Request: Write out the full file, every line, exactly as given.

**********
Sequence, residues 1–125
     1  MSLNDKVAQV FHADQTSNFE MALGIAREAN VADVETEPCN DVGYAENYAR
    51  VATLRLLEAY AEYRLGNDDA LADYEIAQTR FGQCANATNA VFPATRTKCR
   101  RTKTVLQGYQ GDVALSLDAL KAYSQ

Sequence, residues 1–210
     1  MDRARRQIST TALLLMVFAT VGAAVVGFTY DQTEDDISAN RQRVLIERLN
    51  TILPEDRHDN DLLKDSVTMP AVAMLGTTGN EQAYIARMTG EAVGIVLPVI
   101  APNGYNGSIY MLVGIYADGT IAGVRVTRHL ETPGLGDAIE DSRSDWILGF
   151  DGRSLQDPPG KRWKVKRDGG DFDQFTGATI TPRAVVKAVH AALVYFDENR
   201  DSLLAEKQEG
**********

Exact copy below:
Sequence, residues 1–125
     1  MSLNDKVAQV FHADQTSNFE MALGIAREAN VADVETEPCN DVGYAENYAR
    51  VATLRLLEAY AEYRLGNDDA LADYEIAQTR FGQCANATNA VFPATRTKCR
   101  RTKTVLQGYQ GDVALSLDAL KAYSQ

Sequence, residues 1–210
     1  MDRARRQIST TALLLMVFAT VGAAVVGFTY DQTEDDISAN RQRVLIERLN
    51  TILPEDRHDN DLLKDSVTMP AVAMLGTTGN EQAYIARMTG EAVGIVLPVI
   101  APNGYNGSIY MLVGIYADGT IAGVRVTRHL ETPGLGDAIE DSRSDWILGF
   151  DGRSLQDPPG KRWKVKRDGG DFDQFTGATI TPRAVVKAVH AALVYFDENR
   201  DSLLAEKQEG